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Interesting interludes while on State business in Europe and Taiwan & attempting to enter S’pore

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(Excerpted from the Merrill Fernando autobiography)

Infrequently, my preoccupation with my personal business was disrupted by unexpected but welcome interruptions, in the form of foreign travel opportunities on behalf of the Government. Once, then Secretary of Trade Ivan Samarawickrema, asked me whether I would travel to Europe as a delegate from Sri Lanka, to a conference on the European Common Market, hosted by the Dutch Government. I immediately agreed as I felt that it would be a useful opportunity, both as an educational exercise and as a possible opening for the development of new business.

During the trip, six of us from Sri Lanka, along with the other delegates from about 50 countries, took part in a boat excursion along the Rhine, starting from Holland and travelling through France, Austria, and Germany, back to Holland. Learning about the proposed scope and objectives of the European Common Market was very useful from a business point of view.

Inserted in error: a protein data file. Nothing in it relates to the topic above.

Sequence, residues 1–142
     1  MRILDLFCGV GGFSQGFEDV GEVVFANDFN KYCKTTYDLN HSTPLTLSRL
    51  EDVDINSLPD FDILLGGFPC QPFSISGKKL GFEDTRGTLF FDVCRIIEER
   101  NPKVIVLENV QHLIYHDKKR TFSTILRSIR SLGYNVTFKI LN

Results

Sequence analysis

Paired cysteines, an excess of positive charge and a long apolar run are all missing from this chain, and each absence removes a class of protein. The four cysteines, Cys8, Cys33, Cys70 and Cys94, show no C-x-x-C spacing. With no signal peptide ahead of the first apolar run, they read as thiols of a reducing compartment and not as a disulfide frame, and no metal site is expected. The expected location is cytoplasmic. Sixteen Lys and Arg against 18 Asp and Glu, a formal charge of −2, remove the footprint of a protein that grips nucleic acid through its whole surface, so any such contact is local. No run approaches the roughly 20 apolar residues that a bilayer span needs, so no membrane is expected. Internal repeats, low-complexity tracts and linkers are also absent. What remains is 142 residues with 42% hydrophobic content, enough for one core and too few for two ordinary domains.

On the final night of the cruise, after the celebratory dinner, conference rapporteur Dr. J. Rijpma of Leiden University, invited me to propose a vote of thanks on behalf of the visiting delegates. It eventually turned out to be a riotous night, with some of the highly-lubricated delegates getting together much later, placing me on a blanket, and holding me out of the ship over the fast-flowing water of the Rhine! The blanket held despite my size and weight and I was hauled back safely on board.

In 1965, the UN had written to the Ceylon Chamber of Commerce, seeking the services of a tea specialist with knowledge of plantations, tea manufacture, and tea marketing, to advise the Taiwanese Government. Conrad Dias, then Secretary of the Chamber, contacted me and asked whether I could stay away from my business for a couple of months as, in his flattering view, there was no person better qualified for the assignment!